Jesse Israel

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What does Madhappy mean to you? 

Madhappy is a movement that celebrates being human through events and through clothing that gives us space to talk about things that we don’t usually have the space to talk about, and to do it in a way that allows us to see and support each other.

Can you share your journey with us? How did you get to where you are today?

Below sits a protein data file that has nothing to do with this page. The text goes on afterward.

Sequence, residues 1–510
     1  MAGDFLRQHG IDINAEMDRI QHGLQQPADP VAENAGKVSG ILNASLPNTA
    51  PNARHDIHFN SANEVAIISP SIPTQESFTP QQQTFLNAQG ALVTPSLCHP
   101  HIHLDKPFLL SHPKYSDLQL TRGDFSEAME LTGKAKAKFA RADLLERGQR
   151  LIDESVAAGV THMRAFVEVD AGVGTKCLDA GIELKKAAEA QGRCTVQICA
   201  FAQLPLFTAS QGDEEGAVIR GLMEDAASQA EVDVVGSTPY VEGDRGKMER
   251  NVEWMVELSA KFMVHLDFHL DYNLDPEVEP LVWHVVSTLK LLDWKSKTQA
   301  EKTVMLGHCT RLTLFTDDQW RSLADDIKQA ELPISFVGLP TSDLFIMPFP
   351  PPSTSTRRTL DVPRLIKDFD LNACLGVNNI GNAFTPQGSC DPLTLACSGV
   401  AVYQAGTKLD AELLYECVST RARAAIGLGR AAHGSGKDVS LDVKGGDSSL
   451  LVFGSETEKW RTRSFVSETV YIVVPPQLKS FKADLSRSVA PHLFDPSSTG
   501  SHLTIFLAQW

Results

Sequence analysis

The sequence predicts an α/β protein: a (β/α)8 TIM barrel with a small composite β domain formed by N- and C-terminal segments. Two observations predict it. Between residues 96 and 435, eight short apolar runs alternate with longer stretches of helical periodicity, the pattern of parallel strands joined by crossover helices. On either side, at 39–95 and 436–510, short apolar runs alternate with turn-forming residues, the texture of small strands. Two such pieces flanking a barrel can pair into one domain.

My journey started when I was a sophomore at NYU. I started managing the band MGMT with my roommate and we wound up forming a record label to put out their first album. I had this really fun journey with so many bands and did a joint venture with Sony through several hundred concerts, eventually raised a technology fun, and started investing in tech start ups as well as musicians. When I was in my early 20s I started getting panic attacks and very debilitating anxiety. I found meditation as a way to cope with those challenges. I didn’t feel like there were many spaces for me to talk about what was going on behind the scenes of my (what was perceived to be) successful company. So meditation became a personal way for me to grow. It was incredibly transformative for me. Five years ago I ended up leaving my record label and tech fund. I didn’t know what I wanted to do next, but knew that I wanted to do something different. In my free time I started organizing group mediation and spaces where people could talk about real things like mental health, body image, social media, career transition, etc. Basically all the things Madhappy is focussed on. What we saw in those early gatherings was that people wanted to come meditate together, they wanted to talk about real things, they wanted community, they wanted to be seen and be heard. They wanted to support each other. So we continued to organize group gatherings, called Medi Club, and eventually The Big Quiet (TBQ)  was born out of that. Today TBQ gathers thousands of people at world landmarks like Madison Square Garden, the top of the World Trade Center, and under the blue whale at The Museum of Natural History. At each TBQ event, we have really rich sound bath experiences and we feature special performances, all by musicians who are passionate about mediation. We’ve worked with musicians like Miguel, Sophie Tucker, members of Arcade Fire and Bishop Briggs. Today I run and lead TBQ as well as speak at Fortune 500 companies and conferences as well as startups and nonprofits about community building, leadership and meditation.